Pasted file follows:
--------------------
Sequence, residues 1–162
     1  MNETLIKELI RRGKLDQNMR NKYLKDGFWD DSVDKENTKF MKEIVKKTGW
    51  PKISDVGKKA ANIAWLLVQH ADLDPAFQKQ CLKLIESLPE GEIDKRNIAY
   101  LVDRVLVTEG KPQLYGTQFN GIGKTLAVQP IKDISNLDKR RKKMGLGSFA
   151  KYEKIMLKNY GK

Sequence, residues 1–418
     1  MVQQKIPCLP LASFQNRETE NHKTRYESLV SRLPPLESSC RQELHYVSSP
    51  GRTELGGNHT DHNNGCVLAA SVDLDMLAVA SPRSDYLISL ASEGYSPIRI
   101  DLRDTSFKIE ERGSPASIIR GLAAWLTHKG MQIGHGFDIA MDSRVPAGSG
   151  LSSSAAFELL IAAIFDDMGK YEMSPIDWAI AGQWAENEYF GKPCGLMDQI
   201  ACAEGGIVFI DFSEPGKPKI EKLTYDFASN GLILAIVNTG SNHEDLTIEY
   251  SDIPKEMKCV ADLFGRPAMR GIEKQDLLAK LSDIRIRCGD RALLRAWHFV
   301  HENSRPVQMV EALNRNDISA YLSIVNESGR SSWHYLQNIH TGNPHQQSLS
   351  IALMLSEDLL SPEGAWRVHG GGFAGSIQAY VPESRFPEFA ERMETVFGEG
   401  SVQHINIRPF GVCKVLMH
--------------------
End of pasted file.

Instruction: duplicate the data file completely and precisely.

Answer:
Sequence, residues 1–162
     1  MNETLIKELI RRGKLDQNMR NKYLKDGFWD DSVDKENTKF MKEIVKKTGW
    51  PKISDVGKKA ANIAWLLVQH ADLDPAFQKQ CLKLIESLPE GEIDKRNIAY
   101  LVDRVLVTEG KPQLYGTQFN GIGKTLAVQP IKDISNLDKR RKKMGLGSFA
   151  KYEKIMLKNY GK

Sequence, residues 1–418
     1  MVQQKIPCLP LASFQNRETE NHKTRYESLV SRLPPLESSC RQELHYVSSP
    51  GRTELGGNHT DHNNGCVLAA SVDLDMLAVA SPRSDYLISL ASEGYSPIRI
   101  DLRDTSFKIE ERGSPASIIR GLAAWLTHKG MQIGHGFDIA MDSRVPAGSG
   151  LSSSAAFELL IAAIFDDMGK YEMSPIDWAI AGQWAENEYF GKPCGLMDQI
   201  ACAEGGIVFI DFSEPGKPKI EKLTYDFASN GLILAIVNTG SNHEDLTIEY
   251  SDIPKEMKCV ADLFGRPAMR GIEKQDLLAK LSDIRIRCGD RALLRAWHFV
   301  HENSRPVQMV EALNRNDISA YLSIVNESGR SSWHYLQNIH TGNPHQQSLS
   351  IALMLSEDLL SPEGAWRVHG GGFAGSIQAY VPESRFPEFA ERMETVFGEG
   401  SVQHINIRPF GVCKVLMH